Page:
Antidote to Social Injustice

Fr. Shay Cullen
August 2, 2010

Throughout June 2009, I traveled widely in Mindanao, the Philippines. I traveled first across parts of Northern Mindanao and, in a space of three hours, passed about 20 giant trucks stacked high with logs destined to the plywood mills or to the ships for export. It was shocking to see the forests being cut and shipped away. The rivers

Fair trade buyers from The Netherlands visit the family-based producers making bags from recycled drink pouches with Donard Angeles, Preda officer.

I passed by were totally dried up. The land was shriveling; without trees there is no water, the sustenance of the land. No wonder there are so many hungry and malnourished people. Driving from Cagayan De Oro to Davao City in the south to visit Preda Projects, I was amazed to see the rain forests had almost disappeared, the last remnants clinging to the tops of the mountains. A beautiful country ravaged, exploited and left bare. The irresponsible loggers, tycoons and money moguls don’t care.

Working to make this a more just world through fair-trade projects and practices, empowering small farmers and changing unjust practices and systems is at the heart of Preda Fair-trade. Lobbying for new laws to protect the environment, promoting organic farming, and helping the victims of abuse and exploitation is the work Preda Fair-trade for the past 36 years in the Philippines. Preda Fair-trade encourages people to take more local action to combat climate change, destructive mining practices and environmental destruction.

Decades of illegal logging, unusually high rainfall and geography have all contributed to the devastation wrought by storms that have lashed the Philippines, the government and environmentalists say.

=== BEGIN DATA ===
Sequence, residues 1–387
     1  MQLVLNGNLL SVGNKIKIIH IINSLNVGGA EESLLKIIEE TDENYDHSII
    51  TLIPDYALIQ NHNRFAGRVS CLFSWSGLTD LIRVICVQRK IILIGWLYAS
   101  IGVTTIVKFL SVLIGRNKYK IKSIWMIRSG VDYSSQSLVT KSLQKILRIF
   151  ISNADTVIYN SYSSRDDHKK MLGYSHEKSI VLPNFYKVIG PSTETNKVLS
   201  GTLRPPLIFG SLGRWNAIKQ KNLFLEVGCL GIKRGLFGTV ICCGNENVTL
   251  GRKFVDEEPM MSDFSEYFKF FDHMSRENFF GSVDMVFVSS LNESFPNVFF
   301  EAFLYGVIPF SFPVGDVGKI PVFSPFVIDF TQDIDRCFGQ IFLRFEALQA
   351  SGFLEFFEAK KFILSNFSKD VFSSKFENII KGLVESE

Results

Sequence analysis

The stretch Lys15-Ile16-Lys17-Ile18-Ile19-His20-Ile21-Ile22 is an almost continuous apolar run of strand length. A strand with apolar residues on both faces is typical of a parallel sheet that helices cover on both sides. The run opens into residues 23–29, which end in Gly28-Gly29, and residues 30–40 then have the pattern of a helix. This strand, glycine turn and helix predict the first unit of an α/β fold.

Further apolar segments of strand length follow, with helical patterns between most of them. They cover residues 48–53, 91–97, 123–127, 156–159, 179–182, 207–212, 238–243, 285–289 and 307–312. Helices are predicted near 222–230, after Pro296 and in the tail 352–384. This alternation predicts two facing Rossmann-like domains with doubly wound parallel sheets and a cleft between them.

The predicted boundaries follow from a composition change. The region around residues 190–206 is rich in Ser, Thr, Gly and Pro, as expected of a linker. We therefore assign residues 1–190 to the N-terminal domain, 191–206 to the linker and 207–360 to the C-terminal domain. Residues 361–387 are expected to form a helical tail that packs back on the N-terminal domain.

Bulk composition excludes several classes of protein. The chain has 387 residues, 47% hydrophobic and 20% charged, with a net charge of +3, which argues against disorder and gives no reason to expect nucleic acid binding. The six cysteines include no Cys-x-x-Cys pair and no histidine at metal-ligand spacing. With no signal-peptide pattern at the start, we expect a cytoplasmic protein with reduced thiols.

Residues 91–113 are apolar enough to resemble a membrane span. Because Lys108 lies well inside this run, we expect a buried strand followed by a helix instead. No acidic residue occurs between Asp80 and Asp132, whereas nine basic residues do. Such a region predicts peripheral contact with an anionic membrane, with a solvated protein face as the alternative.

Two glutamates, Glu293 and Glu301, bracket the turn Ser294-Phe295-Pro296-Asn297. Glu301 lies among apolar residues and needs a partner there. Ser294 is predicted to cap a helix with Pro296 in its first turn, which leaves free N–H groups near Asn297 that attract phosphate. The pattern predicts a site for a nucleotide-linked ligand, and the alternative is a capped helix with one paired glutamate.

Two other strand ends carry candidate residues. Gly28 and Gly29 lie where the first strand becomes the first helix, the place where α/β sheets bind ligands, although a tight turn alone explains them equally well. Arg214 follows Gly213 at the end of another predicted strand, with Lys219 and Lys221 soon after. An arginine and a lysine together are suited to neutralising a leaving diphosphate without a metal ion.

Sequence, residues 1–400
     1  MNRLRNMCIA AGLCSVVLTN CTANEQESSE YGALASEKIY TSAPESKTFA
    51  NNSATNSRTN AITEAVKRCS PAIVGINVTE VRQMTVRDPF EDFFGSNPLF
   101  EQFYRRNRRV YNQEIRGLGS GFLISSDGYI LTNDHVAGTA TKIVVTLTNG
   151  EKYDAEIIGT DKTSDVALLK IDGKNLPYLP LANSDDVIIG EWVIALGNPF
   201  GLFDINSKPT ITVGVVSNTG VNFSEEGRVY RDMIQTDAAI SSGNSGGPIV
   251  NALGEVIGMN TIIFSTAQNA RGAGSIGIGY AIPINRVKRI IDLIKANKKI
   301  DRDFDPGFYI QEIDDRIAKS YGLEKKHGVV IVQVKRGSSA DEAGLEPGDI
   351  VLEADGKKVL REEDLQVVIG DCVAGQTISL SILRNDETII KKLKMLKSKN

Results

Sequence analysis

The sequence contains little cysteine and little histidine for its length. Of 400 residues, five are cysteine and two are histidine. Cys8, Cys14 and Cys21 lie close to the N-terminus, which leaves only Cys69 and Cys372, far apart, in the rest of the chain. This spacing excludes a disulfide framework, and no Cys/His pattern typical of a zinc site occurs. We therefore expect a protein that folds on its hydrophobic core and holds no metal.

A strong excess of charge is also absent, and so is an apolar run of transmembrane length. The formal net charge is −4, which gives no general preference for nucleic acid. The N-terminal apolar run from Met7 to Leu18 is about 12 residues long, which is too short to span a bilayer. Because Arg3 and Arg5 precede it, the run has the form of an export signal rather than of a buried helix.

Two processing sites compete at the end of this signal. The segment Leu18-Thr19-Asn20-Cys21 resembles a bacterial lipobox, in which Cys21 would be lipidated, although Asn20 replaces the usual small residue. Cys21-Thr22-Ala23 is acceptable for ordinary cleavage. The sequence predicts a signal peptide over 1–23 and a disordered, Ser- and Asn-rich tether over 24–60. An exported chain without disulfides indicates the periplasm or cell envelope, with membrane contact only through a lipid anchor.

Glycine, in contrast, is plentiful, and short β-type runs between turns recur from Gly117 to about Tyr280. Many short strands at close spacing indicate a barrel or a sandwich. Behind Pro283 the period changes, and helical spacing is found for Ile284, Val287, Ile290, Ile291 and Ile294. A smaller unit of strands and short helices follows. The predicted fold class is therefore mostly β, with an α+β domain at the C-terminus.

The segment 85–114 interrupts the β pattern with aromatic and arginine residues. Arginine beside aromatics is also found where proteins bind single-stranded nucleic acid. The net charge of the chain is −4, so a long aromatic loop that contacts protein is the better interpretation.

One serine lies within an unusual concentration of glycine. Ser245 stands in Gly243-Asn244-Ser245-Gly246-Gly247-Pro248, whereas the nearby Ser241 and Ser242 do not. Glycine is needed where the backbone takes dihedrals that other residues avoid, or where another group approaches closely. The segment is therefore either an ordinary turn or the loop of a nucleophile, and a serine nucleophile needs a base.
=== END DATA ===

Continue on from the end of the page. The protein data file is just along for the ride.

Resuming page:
It is encouraging to know that so many good people, unsung heroes, are working to inspire good and decent business people to practice corporate responsibility and are challenging corporations to do good and stop the damage being done to the people, their culture and the environment. Mining corporations are frequently the villains damaging the community. The government and business ought to protect the environment, not allow its destruction. They ought to be helping the poor, and sharing the wealth of the Philippines with the needy and never with the greedy.

To bring about social justice, they must pay fair wages, provide healthy working conditions and benefits, end the price fixing cartels and give small farmers access to markets. The NGOs need to work together for this change. It is by sharing our knowledge and experience, insights and understanding, faith, and love of neighbor that we can empower each other and make this a safer and happier country in solidarity with our international supporters.

Fair-trade is much more than buying and selling products at fair prices. It is working for the enhancement of human dignity, protecting vulnerable and exploited people. Nothing dehumanizes people as much as abject poverty and hunger.

Fair Trade is an organized social movement and market-based approach that aims to help producers in developing countries obtain better trading conditions and promote sustainability. The movement advocates the payment of a higher price to producers as well as social and environmental standards.

Because of unjust trade, greed, selfishness and irresponsible government, war and climate change, there are 1.02 billion people world wide that are hungry and malnourished.1 That number reflects an increase of 146 million hungry and impoverished people since 2008. This is what we have to change, the injustice that more than a billion people, mostly children, go to bed hungry and sick, in a rich and wealthy world.

Fr. Shay Cullen lives and works in the Philippines. For more information, please visit

1 U.N. Food and Agriculture Organization